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Hard-Line President Expected To Win Uzbek Vote

Uzbek President Islam Karimov (file photo) (ITAR-TASS) Voting has ended in Uzbekistan in a virtually uncontested presidential election. President Islam Karimov, who has faced widespread criticism for human-rights abuses during his 18-year rule, is widely expected to win a third term.

The Central Election Commission (CEC) reported a turnout of over 90 percent of the 16 million eligible voters, with a 33-percent turnout required to validate the election.

Karimov, a former Communist Party boss who turns 70 in January, is running against what analysts have described as nominal challengers.

Uzbek state television showed Karimov exiting a Tashkent polling station. The president told journalists, "I believe people know what they are voting for and they know it well -- for tomorrow, for peace in our country, for our country's development and prosperity of the people."

And on camera, most voters voiced their support for the only president the country has ever had to stay on for another term.

Roza Tajieva, a resident of the western Khorezm Province, told RFE/RL, "Our entire family voted for [Islam] Karimov. Our president is very dedicated to our people."

One Tashkent resident who only gave his first name as Sunatullo also said he cast his ballot for Karimov. "We are grateful to him because he is building mosques, all enterprises are working," Sanatullo said. "That's why I voted for him."

Loyal Opposition

The three other candidates who registered with the election commission are regarded as Karimov loyalists and have praised him publicly. State television showed all three casting their ballots but none of them spoke to the press as they left the polling stations.

The legal basis for Karimov's candidacy remains unclear, since the Uzbek Constitution bars a president from serving more than two terms.

Karimov's second term expired at the beginning of 2007, and there was no explanation as to why authorities approved his bid last month.

The president has already extended his term in office twice through referendums, in 1995 and 2002.

In the run-up to today's election, Karimov told foreign diplomats that he wanted "a free society and prosperous life" for the republic of 27 million people.

But Human Rights Watch said on December 21 that none of the conditions exist for free and fair elections.

The New York-based group said Uzbekistan's record of restricting opposition political activity and independent media prevents any semblance of a competitive electoral process.

Human-rights activists inside Uzbekistan told RFE/RL's Uzbek Service that there was clear evidence of voting violations at polling stations. In the eastern city of Ferghana, rights activist Abdusalom Ergashev said, "I witnessed several voters casting ballots for their entire families."

Ergashev added that election officials were coaching voters. "At every ballot box, a man and a woman are sitting and advising the voters on checking the proper box [candidate's name], that is voting for Islam Karimov," Ergashev said.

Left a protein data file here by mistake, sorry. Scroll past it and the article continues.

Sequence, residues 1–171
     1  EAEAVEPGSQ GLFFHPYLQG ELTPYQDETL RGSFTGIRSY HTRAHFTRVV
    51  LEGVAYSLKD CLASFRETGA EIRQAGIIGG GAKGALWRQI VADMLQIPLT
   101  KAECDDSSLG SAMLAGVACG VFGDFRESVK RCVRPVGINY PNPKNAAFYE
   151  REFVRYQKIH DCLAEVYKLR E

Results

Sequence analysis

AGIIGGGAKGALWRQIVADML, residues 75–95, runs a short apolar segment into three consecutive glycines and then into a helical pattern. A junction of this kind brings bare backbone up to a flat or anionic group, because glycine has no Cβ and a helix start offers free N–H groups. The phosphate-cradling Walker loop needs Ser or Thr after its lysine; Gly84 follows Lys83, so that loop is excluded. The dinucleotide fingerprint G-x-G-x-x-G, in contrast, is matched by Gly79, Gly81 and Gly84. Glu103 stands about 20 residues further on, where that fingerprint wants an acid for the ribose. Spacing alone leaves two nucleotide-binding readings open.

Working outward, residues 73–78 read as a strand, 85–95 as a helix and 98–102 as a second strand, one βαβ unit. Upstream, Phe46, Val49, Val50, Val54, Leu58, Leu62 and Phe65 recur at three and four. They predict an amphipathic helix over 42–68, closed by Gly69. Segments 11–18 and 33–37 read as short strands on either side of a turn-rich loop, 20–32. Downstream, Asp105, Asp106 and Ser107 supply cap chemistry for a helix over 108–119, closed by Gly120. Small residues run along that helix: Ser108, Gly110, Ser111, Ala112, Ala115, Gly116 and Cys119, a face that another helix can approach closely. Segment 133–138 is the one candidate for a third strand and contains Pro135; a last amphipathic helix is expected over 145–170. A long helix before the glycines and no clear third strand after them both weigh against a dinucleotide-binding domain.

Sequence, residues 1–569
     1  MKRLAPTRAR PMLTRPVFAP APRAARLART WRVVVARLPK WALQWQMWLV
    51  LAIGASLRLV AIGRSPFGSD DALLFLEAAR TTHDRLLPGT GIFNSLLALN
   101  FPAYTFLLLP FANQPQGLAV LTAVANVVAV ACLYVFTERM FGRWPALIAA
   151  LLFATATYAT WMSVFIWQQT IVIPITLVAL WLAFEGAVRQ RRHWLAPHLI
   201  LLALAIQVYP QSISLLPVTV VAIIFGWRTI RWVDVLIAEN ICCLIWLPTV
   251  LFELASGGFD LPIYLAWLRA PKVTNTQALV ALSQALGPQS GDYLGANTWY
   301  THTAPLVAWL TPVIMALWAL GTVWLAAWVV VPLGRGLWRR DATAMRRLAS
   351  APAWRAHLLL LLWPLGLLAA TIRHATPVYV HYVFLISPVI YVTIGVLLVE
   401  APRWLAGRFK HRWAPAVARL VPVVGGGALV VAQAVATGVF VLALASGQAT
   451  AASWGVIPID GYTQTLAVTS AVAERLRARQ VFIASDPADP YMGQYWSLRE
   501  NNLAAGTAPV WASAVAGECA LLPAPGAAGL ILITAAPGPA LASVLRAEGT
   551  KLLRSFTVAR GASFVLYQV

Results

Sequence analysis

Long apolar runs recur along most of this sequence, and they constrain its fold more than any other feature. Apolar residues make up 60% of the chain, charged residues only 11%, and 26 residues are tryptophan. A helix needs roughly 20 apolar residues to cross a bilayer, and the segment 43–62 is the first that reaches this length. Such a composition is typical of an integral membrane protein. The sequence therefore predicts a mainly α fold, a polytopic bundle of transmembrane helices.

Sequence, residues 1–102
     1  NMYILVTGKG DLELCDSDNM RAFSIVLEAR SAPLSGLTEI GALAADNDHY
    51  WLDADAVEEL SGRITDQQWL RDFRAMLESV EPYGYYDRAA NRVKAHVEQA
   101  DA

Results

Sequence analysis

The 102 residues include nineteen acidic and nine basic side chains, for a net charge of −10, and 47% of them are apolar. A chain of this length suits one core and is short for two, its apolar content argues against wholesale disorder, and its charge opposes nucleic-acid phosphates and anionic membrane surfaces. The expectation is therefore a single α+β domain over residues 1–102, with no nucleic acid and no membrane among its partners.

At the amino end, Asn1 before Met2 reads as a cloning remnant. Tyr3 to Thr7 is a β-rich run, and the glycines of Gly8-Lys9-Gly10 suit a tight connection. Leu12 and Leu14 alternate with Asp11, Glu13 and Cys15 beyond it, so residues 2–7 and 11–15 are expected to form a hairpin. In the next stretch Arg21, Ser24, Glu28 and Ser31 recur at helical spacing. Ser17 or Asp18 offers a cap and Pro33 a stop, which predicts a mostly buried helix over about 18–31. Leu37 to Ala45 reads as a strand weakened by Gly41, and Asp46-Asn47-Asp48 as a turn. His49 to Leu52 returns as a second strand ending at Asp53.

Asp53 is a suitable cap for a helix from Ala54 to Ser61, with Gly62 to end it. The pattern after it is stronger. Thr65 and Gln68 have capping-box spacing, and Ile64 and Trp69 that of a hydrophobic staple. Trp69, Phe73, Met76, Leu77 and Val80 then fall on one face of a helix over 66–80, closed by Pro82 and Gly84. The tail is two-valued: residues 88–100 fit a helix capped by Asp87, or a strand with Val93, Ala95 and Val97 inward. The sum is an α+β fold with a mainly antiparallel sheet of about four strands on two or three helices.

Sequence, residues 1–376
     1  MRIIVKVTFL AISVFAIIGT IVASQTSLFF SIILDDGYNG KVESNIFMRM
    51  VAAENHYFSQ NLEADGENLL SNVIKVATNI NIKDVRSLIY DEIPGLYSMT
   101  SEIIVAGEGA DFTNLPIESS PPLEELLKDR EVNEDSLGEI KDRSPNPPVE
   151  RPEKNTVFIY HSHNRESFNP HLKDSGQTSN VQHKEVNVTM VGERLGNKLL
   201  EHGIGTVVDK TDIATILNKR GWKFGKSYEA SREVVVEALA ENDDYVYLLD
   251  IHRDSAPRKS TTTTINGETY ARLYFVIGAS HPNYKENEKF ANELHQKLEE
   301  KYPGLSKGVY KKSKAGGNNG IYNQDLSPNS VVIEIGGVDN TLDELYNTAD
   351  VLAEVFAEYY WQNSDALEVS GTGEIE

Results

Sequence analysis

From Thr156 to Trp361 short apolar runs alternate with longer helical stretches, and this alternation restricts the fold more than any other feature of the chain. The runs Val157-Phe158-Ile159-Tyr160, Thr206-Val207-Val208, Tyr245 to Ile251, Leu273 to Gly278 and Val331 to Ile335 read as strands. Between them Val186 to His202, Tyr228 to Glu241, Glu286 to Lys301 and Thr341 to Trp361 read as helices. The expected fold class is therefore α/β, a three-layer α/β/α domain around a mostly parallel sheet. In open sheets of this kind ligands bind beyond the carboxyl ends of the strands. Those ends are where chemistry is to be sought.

In the central city of Jizzakh, rights activist Bahtiyor Hamroev said he went to several polling stations and was "appalled seeing that many voters are casting three, four, or even six ballots into the boxes."

Opposition websites like and carried similar reports of one person casting multiple ballots. reported a somber mood at polling stations in Andijon, where Uzbek troops opened fire on demonstrators in May 2005. Witnesses said hundreds were killed; the Uzbek authorities put the figure at 187. also carried a photograph of a small protest earlier by rights activists in Tashkent against the CEC for allowing Karimov to run for an unconstitutional third term.

The CEC reported late in the day that it had not received any complaints about voting violations.

No Media Allowed

A number of media organizations, including the BBC, have been refused permission into the country to cover the election. Viktoria Novikova, the head of the international department of the Russian Channel One, said her channel also did not receive permission to cover the election.

The Organization for Security and Cooperation in Europe (OSCE) has a small team observing the poll.

The OSCE said it would not conduct systematic and comprehensive observation of election-day proceedings due to the "apparent limited nature of the competition."

Molly Stephenson, the press attache at the U.S. Embassy in Tashkent, said, "We have a number of people out from the embassy, observing the election today. And we're still collecting data right now."

Both the OSCE and the U.S. State Department are expected to release assessments of the Uzbek vote this week.

Western election monitors have never recognized an Uzbek parliamentary or presidential election as free and fair or as meeting international standards.

Preliminary results are expected early December 24. Exit polls are prohibited by law.

(RFE/RL's Uzbek Service contributed to this report)

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